National Technical Assistance and Evaluation Center for Systems of Care
Implications for Administrators and Stakeholders
Effectively addressing accountability requires long-term and continuous commitment from agency leaders to create an environment that values transparency and informed decision-making, and that also provides adequate staffing, technology, time, and other resources to fulfill this commitment (Bass, Shields, & Behrman, 2004). Although funding for accountability typically is limited within most human service agencies, the grant communities implemented several strategies to help administrators and stakeholders maintain accountability.
Selecting, supporting, and sustaining those who carry out accountability work. While measures may be collected by a variety of individuals (agency data technology staff, caseworkers, project coordinators, and evaluators) someone must be responsible for coordinating the effort. Enough staff time must be allotted for all roles to ensure the quality of the data and resulting analysis. Finding ways for accountability work to be done by program staff, or other individuals who will have a long, active relationship with the agency (e.g., staff from a local university that often works with the agency), is important for two reasons:
- Accountability should be considered central to system improvement; therefore, evaluators (or those doing the measuring) should be engaged throughout the work, rather than being objective outsiders.
- Integrating accountability into operations will help sustain momentum after finite funding ends.
Knowing the limits of child welfare outcome data. Sometimes, balancing meaningful and feasible measures is challenging. No system can collect all information perfectly. Knowing the kinds of data that can be collected and what that data can reveal about child welfare agencies and the families served by them is critical. Great strides have been made over the last decade by child welfare agencies in tracking data about children. Because of Federal reporting requirements and child welfare agency goals, there is an emphasis on collecting data about outcomes for children. Agencies face many challenges when trying to track long-term outcomes across a large population of at-risk children. Currently, while data collected by public agencies may offer a good indication of how children are faring in child welfare agencies overall, these data can be less useful when evaluating the effect of a specific initiative or a specific activity. The ability of a community to use agency outcome data in real time for systems change depends on the technological and staffing resources of the county or State. Agencies often are limited in the kinds of data extractions and computations they can perform, and may have to wait 6 months or more to obtain data. To be fast, flexible, and targeted for systems of care activities, grant communities augmented traditional child welfare outcome data with process data and found creative ways to use the agency's outcome data (e.g., linking it with data about TANF).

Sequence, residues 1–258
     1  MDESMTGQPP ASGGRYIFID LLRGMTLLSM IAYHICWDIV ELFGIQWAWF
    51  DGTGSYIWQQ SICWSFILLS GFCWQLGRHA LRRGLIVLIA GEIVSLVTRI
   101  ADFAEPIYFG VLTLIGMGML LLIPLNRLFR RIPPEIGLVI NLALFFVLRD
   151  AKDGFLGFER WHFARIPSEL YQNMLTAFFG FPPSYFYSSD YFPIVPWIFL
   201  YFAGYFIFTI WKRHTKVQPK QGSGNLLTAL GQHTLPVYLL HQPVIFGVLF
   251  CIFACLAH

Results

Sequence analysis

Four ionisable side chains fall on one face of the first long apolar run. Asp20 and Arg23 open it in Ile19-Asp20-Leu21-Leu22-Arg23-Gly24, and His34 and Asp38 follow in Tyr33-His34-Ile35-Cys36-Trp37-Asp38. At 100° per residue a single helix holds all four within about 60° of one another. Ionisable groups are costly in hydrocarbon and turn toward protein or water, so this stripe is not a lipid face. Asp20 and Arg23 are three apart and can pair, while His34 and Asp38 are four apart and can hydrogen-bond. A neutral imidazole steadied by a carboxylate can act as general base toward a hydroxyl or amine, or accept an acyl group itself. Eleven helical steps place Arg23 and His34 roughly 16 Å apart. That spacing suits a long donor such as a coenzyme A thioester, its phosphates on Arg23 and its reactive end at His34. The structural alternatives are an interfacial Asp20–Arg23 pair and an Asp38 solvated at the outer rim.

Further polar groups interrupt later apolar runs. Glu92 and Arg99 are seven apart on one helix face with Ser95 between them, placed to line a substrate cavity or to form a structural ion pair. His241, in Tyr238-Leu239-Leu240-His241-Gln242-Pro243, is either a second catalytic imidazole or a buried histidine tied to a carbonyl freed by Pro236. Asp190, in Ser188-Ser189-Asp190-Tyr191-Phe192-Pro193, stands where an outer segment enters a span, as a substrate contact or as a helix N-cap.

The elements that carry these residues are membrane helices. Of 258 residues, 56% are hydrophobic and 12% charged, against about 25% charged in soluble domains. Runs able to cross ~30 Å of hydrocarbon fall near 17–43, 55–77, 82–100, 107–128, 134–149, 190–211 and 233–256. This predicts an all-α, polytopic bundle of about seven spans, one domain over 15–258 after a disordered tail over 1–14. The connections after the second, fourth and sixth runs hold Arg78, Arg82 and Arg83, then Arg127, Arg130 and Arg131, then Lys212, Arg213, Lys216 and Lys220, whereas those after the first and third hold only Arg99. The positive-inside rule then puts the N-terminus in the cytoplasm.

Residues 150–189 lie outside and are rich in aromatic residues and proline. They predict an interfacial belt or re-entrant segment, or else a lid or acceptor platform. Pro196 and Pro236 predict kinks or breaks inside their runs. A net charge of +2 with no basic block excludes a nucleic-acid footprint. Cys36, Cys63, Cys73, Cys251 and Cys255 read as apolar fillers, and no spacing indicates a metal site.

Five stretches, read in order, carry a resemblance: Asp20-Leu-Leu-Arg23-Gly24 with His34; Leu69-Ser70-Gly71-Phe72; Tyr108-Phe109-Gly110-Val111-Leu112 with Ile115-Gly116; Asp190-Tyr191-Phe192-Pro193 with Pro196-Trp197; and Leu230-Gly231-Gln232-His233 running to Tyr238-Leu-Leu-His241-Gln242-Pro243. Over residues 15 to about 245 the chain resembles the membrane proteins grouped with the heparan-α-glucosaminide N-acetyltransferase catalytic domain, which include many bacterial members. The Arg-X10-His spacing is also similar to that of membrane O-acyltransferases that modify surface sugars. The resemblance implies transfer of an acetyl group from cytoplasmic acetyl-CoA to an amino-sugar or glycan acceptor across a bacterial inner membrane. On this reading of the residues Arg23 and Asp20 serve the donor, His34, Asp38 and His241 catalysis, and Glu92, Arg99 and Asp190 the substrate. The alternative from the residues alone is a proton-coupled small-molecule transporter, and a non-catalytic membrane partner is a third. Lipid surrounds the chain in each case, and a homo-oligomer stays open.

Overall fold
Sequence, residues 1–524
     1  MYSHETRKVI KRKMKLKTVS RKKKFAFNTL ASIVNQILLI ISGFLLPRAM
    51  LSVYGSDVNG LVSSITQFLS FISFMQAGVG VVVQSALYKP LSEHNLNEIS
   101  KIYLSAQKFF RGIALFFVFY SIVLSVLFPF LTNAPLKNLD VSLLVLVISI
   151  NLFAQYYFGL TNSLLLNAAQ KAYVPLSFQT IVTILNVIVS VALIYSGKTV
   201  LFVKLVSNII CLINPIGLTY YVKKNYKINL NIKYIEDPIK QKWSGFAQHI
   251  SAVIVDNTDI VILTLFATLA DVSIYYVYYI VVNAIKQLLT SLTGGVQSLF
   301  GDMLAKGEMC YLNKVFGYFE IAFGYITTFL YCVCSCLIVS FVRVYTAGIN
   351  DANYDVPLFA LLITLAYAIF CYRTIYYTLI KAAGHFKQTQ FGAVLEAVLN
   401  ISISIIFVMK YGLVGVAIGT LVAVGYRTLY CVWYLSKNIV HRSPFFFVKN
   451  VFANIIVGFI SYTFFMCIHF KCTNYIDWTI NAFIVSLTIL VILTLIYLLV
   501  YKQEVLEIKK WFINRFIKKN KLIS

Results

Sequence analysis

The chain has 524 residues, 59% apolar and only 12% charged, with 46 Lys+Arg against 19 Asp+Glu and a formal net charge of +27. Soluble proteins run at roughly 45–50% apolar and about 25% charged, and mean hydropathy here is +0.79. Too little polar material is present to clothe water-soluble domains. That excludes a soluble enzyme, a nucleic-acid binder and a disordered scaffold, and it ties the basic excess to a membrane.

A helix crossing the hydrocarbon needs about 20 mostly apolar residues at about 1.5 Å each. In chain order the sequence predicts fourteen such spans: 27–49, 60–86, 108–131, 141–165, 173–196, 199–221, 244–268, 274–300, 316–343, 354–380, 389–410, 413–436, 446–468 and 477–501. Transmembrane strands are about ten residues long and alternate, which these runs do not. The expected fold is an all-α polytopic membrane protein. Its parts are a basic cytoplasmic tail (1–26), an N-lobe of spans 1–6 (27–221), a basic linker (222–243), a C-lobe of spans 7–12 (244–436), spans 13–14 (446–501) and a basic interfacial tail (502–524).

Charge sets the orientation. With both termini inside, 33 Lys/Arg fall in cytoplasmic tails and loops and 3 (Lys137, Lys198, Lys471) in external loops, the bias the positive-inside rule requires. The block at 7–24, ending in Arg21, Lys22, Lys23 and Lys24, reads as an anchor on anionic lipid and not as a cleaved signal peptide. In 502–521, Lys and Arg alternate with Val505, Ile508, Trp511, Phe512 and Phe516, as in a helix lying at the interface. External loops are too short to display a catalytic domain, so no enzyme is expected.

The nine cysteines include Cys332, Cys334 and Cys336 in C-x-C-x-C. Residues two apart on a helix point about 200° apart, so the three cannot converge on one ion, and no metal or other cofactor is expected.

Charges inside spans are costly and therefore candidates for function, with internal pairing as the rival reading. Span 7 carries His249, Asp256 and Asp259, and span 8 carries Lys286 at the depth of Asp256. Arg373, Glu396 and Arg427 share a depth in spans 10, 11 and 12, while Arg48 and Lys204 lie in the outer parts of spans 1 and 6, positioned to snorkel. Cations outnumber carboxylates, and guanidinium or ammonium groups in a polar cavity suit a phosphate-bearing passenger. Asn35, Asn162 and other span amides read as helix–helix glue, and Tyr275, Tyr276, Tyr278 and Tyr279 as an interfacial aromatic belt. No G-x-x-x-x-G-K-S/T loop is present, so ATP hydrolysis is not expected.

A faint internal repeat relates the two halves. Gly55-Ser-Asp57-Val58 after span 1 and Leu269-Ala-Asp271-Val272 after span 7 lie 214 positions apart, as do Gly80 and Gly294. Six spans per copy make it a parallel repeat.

Accountability for improvement versus compliance. Administrators can leverage accountability to improve systems. Moving from compliance-driven management to sustainable improvement requires administrators to harness and embrace new data technologies, engage new family and community perspectives, and integrate evaluative capacity-building strategies throughout the child welfare system and agency culture.
When implemented appropriately, accountability can be a valuable tool for building and sustaining effective systems of care. Demonstrating effectiveness, whether in terms of cost, outcome, or benefit to society, can mean the difference between sustainability and the end of a program, especially in difficult fiscal environments. Ultimately, the strength of measurement and accountability practices comes from the commitment of leaders to thoughtfully and faithfully apply what is learned to guide systems to better serve children and families.
"By showing the results of your efforts to date, you are helping those who need to invest the finite resources of a State, county, city, or Tribe to ensure that their investment will yield promising results for children and families and enhance the work of the agencies that engage with those families."
--Gary De Carolis, Senior Consultant, National Technical Assistance and Evaluation Center
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